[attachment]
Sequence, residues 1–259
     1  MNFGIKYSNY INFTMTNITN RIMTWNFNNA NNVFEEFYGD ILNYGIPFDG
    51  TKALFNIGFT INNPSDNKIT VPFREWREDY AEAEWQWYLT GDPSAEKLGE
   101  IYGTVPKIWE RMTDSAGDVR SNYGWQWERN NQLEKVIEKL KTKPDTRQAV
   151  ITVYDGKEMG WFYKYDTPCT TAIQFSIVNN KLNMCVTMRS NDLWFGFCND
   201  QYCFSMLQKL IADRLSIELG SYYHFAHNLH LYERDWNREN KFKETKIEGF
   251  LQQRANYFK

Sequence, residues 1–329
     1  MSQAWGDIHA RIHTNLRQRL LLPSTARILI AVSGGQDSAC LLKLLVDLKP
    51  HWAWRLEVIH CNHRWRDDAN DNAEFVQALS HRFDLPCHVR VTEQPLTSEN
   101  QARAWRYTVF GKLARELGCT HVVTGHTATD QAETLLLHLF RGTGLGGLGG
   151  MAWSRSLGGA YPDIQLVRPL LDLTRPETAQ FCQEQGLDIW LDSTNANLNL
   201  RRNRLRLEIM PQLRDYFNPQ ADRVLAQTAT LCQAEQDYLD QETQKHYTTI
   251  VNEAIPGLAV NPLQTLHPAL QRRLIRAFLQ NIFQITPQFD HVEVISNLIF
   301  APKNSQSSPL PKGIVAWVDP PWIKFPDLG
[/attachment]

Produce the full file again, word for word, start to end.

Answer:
Sequence, residues 1–259
     1  MNFGIKYSNY INFTMTNITN RIMTWNFNNA NNVFEEFYGD ILNYGIPFDG
    51  TKALFNIGFT INNPSDNKIT VPFREWREDY AEAEWQWYLT GDPSAEKLGE
   101  IYGTVPKIWE RMTDSAGDVR SNYGWQWERN NQLEKVIEKL KTKPDTRQAV
   151  ITVYDGKEMG WFYKYDTPCT TAIQFSIVNN KLNMCVTMRS NDLWFGFCND
   201  QYCFSMLQKL IADRLSIELG SYYHFAHNLH LYERDWNREN KFKETKIEGF
   251  LQQRANYFK

Sequence, residues 1–329
     1  MSQAWGDIHA RIHTNLRQRL LLPSTARILI AVSGGQDSAC LLKLLVDLKP
    51  HWAWRLEVIH CNHRWRDDAN DNAEFVQALS HRFDLPCHVR VTEQPLTSEN
   101  QARAWRYTVF GKLARELGCT HVVTGHTATD QAETLLLHLF RGTGLGGLGG
   151  MAWSRSLGGA YPDIQLVRPL LDLTRPETAQ FCQEQGLDIW LDSTNANLNL
   201  RRNRLRLEIM PQLRDYFNPQ ADRVLAQTAT LCQAEQDYLD QETQKHYTTI
   251  VNEAIPGLAV NPLQTLHPAL QRRLIRAFLQ NIFQITPQFD HVEVISNLIF
   301  APKNSQSSPL PKGIVAWVDP PWIKFPDLG